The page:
- Category: Arts & Culture
- Published: Monday, 11 February 2013 09:19
- Written by Greg Letts
My partner asked me to accompany her to watch the premiere of Elles at Luna Cinemas. I hadn't got around to reading the synopsis of the film beforehand, so I started watching with no idea of what was to come other than my partner's brief comment that it involved a female journalist and was rated R due to sex scenes. As a typical red-blooded guy, I figured that at least there would be a bit of eye candy to look at even if the film was not to my taste.
As it turns out, I got things the wrong way around. The sex scenes in Elles are some of the most depressing depictions of sex that I've had to sit through, while the story itself was quite interesting.
The storyline of Elles revolves around a forty-something Parisian woman (Juliette Binoche as Anne), who is married with two kids. Anne appears to be your typical uptight middle class female - which is conveyed by the fact that she is unable to bring herself to pee in a dingy public toilet just before she conducts an interview. She is writing an article for Elle magazine on the topic of university students who are supporting themselves via prostitution, and at the start of the movie we are shown Anne sitting in her designer apartment writing up her notes from the interview she conducted with two such students - Charlotte (a local lower class French girl) and Alicja (a foreign student).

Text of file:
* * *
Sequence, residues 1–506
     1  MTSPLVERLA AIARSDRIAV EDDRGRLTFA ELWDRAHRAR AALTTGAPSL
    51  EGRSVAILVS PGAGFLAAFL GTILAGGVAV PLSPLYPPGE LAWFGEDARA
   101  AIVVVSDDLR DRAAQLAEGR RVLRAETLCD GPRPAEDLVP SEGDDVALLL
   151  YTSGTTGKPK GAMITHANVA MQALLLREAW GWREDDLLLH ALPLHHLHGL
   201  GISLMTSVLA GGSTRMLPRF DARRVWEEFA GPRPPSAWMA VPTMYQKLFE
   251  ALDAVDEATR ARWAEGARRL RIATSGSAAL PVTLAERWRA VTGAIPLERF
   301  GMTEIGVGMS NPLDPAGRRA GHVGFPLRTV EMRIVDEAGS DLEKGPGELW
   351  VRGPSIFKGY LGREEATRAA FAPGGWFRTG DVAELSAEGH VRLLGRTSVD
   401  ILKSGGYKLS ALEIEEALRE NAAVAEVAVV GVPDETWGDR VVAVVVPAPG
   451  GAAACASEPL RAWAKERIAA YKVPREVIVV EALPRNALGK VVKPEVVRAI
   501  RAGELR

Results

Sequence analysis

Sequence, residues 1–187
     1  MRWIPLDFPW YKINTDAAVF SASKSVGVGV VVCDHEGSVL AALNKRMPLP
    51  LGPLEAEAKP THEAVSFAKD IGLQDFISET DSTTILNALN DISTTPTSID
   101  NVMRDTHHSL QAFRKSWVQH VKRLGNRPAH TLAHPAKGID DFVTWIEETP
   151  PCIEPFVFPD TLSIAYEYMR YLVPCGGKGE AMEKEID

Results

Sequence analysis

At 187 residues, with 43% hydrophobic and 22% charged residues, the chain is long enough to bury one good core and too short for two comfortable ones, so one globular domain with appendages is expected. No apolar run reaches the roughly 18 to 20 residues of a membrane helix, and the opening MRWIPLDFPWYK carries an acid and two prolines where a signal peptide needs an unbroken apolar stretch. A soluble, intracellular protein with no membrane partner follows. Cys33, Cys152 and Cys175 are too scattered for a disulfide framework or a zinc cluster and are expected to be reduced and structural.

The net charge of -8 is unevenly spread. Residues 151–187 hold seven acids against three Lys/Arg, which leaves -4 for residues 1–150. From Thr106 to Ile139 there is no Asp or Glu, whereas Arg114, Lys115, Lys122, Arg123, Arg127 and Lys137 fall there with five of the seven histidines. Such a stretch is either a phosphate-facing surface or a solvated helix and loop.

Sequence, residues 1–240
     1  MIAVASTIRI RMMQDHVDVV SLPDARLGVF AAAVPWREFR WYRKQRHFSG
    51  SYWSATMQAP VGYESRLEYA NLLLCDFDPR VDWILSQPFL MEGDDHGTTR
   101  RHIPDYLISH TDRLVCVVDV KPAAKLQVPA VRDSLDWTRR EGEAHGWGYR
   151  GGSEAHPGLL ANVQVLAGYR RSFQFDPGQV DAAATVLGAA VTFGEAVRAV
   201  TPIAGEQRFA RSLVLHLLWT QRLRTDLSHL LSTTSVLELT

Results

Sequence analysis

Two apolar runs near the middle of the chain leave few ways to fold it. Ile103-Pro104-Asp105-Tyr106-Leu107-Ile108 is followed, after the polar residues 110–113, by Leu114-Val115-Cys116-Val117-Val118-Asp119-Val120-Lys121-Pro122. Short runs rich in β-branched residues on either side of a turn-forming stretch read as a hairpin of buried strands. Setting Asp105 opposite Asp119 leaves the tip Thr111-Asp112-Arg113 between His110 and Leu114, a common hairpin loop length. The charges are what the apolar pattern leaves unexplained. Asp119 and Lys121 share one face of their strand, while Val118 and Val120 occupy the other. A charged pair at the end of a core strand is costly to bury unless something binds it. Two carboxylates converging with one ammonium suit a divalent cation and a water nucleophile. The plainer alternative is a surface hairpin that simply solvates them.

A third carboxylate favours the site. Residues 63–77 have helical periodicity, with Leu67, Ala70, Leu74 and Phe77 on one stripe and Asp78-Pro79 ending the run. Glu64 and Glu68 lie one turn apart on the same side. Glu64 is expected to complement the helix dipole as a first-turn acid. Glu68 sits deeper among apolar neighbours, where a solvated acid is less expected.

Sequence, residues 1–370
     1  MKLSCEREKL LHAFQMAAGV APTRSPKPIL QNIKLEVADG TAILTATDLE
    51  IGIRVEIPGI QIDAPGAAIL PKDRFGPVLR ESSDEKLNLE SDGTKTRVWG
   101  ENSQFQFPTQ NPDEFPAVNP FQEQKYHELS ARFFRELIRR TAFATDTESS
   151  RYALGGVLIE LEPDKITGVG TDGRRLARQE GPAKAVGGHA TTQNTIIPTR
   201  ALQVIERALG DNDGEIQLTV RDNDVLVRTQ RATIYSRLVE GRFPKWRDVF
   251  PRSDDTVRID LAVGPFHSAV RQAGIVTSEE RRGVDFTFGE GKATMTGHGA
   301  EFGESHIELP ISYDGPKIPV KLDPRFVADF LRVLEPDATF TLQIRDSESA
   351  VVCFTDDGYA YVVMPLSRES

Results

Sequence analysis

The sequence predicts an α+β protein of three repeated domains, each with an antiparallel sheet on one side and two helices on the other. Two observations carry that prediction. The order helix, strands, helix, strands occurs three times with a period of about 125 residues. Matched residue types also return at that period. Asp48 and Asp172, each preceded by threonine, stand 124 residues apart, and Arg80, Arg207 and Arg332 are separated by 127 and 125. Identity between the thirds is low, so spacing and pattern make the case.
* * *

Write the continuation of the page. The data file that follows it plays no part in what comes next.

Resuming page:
As far as I could figure out, the movie seems to take place over a two or three day period, with flashbacks to each interview interspersed between Anne's daily routine of cooking, cleaning, and washing. As Anne goes about her mundane daily chores, and prepares a dinner party for her husband's boss using a recipe she learned from one of the students, she continues to recall different parts of each interview, and we become aware that her attitude to her joyless middle class life is starting to change, as she realizes how confining her life has become.
As the movie progresses, we discover that Anne is emotionally estranged from her husband, her oldest son is smoking pot and getting ready to fail his final exams, and her youngest son is retreating from the family into the escape of video games. Anne is attempting to keep her family functioning, but things have obviously been sliding downhill for some time. She attempts to scold her oldest son for being high and failing to study, but is left lost for words when he fires back that she has her own set of problems that she is doing nothing about.